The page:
Banks. Alamogordo's Lincoln National Forest Service Building, 1101 New York Avenue, formerly the post office built in 1938, has a beautiful Peter Hurd mural on the exterior wall around the entrance. It is done in fresco, a process where the artist paints with watercolor before the plaster is dry. It is well protected with a heavy vinyl covering, and gates have been installed that protect it from vandals when the offices are closed.
Peter Hurd mural on the exterior of the Lincoln National Forest Service Building. Photo by Phyllis Eileen
The White Sands National Monument Visitors' Center, constructed by various government agencies, including the WPA, was begun in 1936 and completed in 1938. The walls are of adobe mud bricks throughout and the ceiling of the main room is of viga and savina construction. Don Pettijohn at the Center noted the tinware light fixtures were made by yet another of the "alphabet soup" acronymns of that era, NYA (National Youth Administration). They were made by young girls in their late teens and early twenties at a camp in Capitan.
New Mexico State University Museum in Las Cruces was built as Kent Hall during WPA times. The Dona Ana County Court House, a three story building, reflects the Spanish-Pueblo Revival style. The U-shaped building is decorated with Spanish motifs while the inside bears Pueblo Indian designs. In addition, there are many examples of art created during the WPA years. One is the mural by Tom Lea at the Branigan Cultural Center, 106 W. Hadley, painted in 1935.
Deming has an impressive list of WPA projects: Deming Public Library, Country Club, Junior High, Morgan Hall, Columbus School, Sunshine School, Hospital addition, Park, street paving, sewer work, curbs and trees plus a National Guard building.
Another city with a list of projects is Lordsburg: Lordsburg City Hall, Hidalgo County Fairgrounds, Animas High School and the Sunset Canal Dam. The Lordsburg-Hidalgo Public Library is one that also originally housed the Health Department and Justice of the Peace. People often stop at the Library to revisit the place where they were married. Windows in the children's section were replaced with stained glass commemorating early pioneer families. It is one of only two county libraries in the State.
Graham Gymnasium at Western New Mexico University in Silver City as built and other buildings were remodeled with WPA funds. The sidewalks, streets and the riverwalk park were a part of the projects. The banks of the Mimbres River in the walk area are shorn up with rock work, a trademark of much of the WPA construction.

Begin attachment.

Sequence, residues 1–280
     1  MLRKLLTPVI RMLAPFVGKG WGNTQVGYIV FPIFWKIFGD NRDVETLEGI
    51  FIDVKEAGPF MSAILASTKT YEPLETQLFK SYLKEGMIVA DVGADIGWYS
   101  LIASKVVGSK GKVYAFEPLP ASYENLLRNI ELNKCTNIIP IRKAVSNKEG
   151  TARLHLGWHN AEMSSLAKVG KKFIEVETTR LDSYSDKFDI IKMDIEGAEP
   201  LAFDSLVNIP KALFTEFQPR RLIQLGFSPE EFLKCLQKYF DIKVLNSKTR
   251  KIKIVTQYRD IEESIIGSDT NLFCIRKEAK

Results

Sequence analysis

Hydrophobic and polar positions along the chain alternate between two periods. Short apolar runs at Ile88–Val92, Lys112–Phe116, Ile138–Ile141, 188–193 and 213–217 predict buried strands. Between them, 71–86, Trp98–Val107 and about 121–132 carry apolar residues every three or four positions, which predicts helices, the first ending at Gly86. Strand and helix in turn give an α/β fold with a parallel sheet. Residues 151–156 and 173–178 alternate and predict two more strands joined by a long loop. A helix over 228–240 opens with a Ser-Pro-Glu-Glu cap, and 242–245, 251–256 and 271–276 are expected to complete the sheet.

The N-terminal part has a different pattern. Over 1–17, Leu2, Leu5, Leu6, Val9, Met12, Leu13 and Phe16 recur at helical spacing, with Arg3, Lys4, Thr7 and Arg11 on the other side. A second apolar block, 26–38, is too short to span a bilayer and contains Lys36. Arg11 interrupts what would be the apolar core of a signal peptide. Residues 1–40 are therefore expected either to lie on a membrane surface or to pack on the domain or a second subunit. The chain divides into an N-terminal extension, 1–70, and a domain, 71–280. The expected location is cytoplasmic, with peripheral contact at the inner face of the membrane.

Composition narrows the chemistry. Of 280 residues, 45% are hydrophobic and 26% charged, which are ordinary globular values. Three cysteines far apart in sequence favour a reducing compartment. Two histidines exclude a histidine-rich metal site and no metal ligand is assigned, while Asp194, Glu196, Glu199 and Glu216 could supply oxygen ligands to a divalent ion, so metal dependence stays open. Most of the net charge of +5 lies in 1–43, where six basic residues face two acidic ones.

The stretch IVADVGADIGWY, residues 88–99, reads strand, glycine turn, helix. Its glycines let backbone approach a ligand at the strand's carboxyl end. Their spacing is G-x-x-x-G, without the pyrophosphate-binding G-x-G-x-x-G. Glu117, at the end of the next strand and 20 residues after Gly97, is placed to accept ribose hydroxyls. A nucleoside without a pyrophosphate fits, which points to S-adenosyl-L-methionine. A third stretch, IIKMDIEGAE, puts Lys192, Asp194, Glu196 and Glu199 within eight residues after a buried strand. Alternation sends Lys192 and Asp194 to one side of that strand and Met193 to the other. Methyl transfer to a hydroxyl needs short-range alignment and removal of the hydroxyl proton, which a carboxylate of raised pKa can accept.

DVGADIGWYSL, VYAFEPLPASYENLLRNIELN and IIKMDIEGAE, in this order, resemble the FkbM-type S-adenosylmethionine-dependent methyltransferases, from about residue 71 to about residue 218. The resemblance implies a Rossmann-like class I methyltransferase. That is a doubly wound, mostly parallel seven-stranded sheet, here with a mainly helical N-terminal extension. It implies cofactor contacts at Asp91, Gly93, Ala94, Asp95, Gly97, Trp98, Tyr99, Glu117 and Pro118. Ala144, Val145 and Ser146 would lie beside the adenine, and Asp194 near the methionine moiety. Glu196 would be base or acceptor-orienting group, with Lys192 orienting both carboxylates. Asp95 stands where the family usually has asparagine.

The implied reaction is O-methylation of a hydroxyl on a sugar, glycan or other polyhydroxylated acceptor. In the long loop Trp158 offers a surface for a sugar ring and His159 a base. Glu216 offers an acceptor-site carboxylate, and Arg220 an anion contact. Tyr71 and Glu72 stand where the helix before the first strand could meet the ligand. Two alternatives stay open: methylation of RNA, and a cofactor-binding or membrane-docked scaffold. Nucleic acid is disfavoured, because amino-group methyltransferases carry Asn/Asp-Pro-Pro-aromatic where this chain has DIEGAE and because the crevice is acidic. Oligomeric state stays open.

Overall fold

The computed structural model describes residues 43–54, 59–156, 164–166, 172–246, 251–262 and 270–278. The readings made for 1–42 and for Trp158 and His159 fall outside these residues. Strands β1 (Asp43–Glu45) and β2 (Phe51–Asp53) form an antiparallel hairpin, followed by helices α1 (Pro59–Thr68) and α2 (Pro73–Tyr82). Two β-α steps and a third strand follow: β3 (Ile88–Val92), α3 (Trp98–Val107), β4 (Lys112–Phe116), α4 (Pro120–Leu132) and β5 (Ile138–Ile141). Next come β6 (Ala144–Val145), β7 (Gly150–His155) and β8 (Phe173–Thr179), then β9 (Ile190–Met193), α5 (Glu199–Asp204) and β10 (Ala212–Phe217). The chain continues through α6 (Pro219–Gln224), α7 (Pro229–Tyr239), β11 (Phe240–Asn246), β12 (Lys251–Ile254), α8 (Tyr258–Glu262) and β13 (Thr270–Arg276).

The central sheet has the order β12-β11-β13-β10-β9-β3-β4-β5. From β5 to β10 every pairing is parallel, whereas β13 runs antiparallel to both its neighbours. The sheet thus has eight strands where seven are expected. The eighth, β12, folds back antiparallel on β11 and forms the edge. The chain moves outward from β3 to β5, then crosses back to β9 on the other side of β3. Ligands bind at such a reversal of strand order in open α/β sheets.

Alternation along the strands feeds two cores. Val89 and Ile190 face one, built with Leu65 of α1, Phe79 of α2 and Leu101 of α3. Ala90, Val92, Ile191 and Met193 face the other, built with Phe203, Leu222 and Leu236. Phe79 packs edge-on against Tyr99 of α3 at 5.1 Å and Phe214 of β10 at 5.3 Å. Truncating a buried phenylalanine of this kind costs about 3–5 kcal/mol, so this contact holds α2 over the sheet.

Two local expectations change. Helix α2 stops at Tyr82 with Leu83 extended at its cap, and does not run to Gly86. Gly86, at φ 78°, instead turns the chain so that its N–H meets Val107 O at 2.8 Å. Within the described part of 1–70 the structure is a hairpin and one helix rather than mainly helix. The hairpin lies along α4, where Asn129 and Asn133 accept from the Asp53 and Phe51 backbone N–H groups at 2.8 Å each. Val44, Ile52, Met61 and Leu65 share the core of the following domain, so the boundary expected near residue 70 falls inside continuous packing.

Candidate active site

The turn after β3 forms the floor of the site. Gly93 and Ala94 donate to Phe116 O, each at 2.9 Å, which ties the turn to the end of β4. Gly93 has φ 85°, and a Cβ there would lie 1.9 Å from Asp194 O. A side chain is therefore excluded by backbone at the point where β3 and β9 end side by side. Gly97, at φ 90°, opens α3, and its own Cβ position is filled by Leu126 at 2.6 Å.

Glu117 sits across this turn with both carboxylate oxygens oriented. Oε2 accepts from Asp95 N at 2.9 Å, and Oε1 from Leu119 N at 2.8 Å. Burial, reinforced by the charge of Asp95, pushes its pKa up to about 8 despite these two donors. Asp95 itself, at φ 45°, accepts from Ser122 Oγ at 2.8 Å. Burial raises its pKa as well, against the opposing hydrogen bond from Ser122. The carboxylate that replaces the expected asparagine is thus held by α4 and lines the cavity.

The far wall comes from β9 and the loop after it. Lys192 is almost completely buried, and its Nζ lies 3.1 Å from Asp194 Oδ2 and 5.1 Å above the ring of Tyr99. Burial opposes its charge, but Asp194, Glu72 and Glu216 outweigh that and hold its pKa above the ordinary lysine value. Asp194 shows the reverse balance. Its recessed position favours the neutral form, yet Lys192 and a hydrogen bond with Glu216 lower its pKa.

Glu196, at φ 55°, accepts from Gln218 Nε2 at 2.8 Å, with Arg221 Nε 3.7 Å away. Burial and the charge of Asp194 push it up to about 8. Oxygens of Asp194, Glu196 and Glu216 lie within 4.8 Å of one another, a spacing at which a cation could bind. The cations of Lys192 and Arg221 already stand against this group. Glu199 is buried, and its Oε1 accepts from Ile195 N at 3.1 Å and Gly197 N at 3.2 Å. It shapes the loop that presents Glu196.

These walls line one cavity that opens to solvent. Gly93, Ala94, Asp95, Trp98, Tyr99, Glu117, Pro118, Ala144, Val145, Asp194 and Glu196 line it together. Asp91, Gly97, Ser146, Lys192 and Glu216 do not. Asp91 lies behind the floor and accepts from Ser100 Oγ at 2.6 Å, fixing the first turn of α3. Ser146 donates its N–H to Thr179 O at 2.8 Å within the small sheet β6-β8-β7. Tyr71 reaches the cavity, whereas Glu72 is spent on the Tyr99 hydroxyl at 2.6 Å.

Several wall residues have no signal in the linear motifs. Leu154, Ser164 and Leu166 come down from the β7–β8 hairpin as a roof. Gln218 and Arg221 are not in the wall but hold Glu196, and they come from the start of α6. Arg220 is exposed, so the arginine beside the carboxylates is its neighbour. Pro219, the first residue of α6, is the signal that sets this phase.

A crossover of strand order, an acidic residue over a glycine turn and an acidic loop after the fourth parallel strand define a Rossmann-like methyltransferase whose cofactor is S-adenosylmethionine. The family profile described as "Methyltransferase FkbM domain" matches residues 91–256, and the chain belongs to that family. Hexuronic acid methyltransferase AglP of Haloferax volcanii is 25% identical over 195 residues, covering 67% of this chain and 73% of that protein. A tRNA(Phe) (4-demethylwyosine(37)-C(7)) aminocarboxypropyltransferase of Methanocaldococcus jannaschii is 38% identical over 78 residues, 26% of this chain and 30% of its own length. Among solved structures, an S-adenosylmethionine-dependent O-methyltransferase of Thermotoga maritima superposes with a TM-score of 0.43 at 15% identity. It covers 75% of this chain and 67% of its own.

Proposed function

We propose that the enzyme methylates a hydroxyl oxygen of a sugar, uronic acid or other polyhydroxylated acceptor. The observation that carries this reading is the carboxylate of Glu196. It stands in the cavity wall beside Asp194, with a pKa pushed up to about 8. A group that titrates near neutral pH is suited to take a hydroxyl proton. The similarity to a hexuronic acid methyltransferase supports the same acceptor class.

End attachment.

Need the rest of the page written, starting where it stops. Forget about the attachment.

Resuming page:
Richard Sanchez, Postmaster of Truth or Consequences provided a photograph of the post office under construction in 1939. A new post office is under construction and the current one will stay open with a window unit and post office boxes. Nancy Castillo, Post Office Supervisor, expressed how many feel about these old, yet sturdy, buildings, "I love it," she said, "especially the old woodwork."
The New Mexico Veterans' Center (formerly Carrie Tingley Hospital) was partially funded with WPA funds in 1937. The buildings were left vacant in 1981 when the Hospital moved to Albuquerque. In 1983 the Veterans' Administration and the New Mexico Legislature provided funds for renovation of the buildings and the establishment of the New Mexico Veterans' Center. The Sierra County Court House and the Community Center are two other WPA buildings in T or C.
In Magdalena the sidewalks were built of rocks and the High School was a WPA building.
Nearby in Socorro, New Mexico Tech used these funds to build or remodel campus buildings and the Socorro County Court House was also funded in this manner.
The Lincoln County Court House in Carrizozo was a product of this time but it is now an annex to the main court house. The Women's Club proudly displays 1939 on its wall, another Pueblo Revival style of architecture. The curbs and sidewalks were made of rock, as was the sculpture of a spider occupying a prominent place in the park, all built with WPA funds.
The Women's Club in Carrizozo. Photo by Phyllis Eileen Banks.
According to the Columbia Encyclopedia, Fifth Edition, under the WPA programs 116,000 buildings, 78,000 bridges and 651,000 miles of road were constructed and 800 airports were improved. Ten thousand drawings, paintings and sculptured works were produced.
Musical performances under the program averaged 4,000 a month, and the fresh ideas introduced were highly praised. The valuable product of writers during this time was the regional and state guidebooks. Many of them have been reprinted in some states.
Total appropriation for the WPA program was almost eleven billion dollars. In 1939 some projects were abolished, others curtailed, and in June 1943 the agency went out of existence because there was steadily increasing employment brought about by World War II.
The Great Depression was a period we would not want to live through again, but it is a window to our past through which we may look and learn.